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Between Virtue and Power: The Persistent Moral Dilemma of U. S. Foreign Policy

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Overview

In this survey of U.S. history, John Kane looks at the tensions between American virtue and power and how those tensions have influenced foreign policy. Americans have long been suspicious of power as a threat to individual liberty, Kane argues, and yet the growth of national power has been perceived as a natural byproduct of American virtue. This contradiction has posed a persistent crisis that has influenced the trajectory of American diplomacy and foreign relations for more than two hundred years.

Kane examines the various challenges, including emerging Nationalism, isolationism, and burgeoning American power, which have at times challenged not only foreign policy but American national identity.  The events of September 11, 2001, rekindled Americans' sense of righteousness, the author observes, but the subsequent use of power in Iraq has raised questions about the nation’s virtue and, as in earlier days, cast a deep shadow over its purpose and direction.

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Editorial Reviews

Lloyd Gardner
"This is a penetrating, sweeping book that wrestles with questions of how power is used to advance national policy. It offers an explanation of the American political tradition, and like works by Morgenthau and Hofstadter contributes to our understanding of ourselves."—Lloyd Gardner, Rutgers University
Joseph S. Nye
“An illuminating survey of two centuries of efforts to come to terms with the struggle between virtue and power in American foreign policy. Important and convincing.”—Joseph S. Nye, Jr., author of Soft Power: The Means to Success in World Politics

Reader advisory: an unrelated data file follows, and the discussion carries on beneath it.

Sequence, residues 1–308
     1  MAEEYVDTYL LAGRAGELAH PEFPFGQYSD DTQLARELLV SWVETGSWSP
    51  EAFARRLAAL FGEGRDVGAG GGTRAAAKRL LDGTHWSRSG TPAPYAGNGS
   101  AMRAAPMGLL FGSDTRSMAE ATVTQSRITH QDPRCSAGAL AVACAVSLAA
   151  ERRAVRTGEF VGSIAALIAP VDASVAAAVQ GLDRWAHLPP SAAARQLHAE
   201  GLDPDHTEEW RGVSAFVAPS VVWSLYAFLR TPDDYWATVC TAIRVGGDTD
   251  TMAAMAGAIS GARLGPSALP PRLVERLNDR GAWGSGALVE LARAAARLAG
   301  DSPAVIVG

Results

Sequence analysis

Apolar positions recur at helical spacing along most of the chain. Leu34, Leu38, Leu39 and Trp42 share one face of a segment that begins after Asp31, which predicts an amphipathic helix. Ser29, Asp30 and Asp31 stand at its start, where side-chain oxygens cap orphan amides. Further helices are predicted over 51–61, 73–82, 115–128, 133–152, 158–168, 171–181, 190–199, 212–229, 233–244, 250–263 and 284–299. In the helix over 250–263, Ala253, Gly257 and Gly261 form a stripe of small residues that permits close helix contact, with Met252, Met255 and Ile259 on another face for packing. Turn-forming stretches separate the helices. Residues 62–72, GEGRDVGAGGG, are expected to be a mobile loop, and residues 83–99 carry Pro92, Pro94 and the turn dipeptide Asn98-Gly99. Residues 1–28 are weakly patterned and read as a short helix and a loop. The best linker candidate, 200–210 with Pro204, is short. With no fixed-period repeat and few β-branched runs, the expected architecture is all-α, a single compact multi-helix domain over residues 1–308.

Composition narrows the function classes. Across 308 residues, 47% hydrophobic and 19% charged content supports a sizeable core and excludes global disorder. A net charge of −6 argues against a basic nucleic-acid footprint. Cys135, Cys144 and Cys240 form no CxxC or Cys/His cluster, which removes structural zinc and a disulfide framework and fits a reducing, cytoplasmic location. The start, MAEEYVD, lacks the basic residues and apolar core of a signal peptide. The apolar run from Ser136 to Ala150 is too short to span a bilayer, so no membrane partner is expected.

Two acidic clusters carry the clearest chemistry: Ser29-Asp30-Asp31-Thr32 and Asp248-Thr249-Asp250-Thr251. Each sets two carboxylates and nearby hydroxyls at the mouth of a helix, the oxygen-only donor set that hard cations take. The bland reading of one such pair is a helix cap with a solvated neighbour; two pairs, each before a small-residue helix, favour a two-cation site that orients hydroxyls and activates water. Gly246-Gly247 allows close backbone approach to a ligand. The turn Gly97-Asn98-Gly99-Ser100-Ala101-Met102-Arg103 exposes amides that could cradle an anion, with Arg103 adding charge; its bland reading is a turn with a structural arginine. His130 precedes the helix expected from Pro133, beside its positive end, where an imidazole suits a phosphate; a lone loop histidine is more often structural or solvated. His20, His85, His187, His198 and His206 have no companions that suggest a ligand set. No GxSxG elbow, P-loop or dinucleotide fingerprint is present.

American Historical Review - Walter L. Hixon
"This book is a useful synthesis for the most part of selective secondary literature."—Walter L. Hixon, American Historical Review
Publishers Weekly
Kane presents an impressively nuanced vision of the difficult choices faced by American leaders over generations of international conflict. This book offers a narrative in which the philosophical ideals of the nation's founders and successive presidents are compromised and mutated by the necessity of protecting American interests around the world. The presentation is dense, but the prose and arguments remain clear and fluid, even when Kane delves into something as unwieldy as the complex repercussions of Jay's Treaty of 1795. Kane finds a perfect case study for his chosen dichotomy in the presidency of Woodrow Wilson, who struggled to reconcile his vision of world peace with the horrors and consequences of WWI, and whose attempts to balance diplomacy and military force are echoed in ensuing presidencies: Roosevelt overcoming "the inertial force of nonentanglement" in order to preserve democracy, Carter attempting to work the levers of soft power in the name of human rights. Kane is admirably resistant to paint heroes and villains-even the polarizing presidency of George W. Bush is given the rigorous, cold-eyed assessment of the scholar rather than the partisan.
Copyright © Reed Business Information, a division of Reed Elsevier Inc. All rights reserved.
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Product Details

  • ISBN-13: 9780300137125
  • Publisher: Yale University Press
  • Publication date: 10/21/2008
  • Edition description: New Edition
  • Pages: 416
  • Product dimensions: 6.10 (w) x 9.30 (h) x 1.30 (d)

Meet the Author

John Kane is professor, Department of Politics and Public Policy, Griffith University, Brisbane, and author of The Politics of Moral Capital. He lives in Queensland, Australia.

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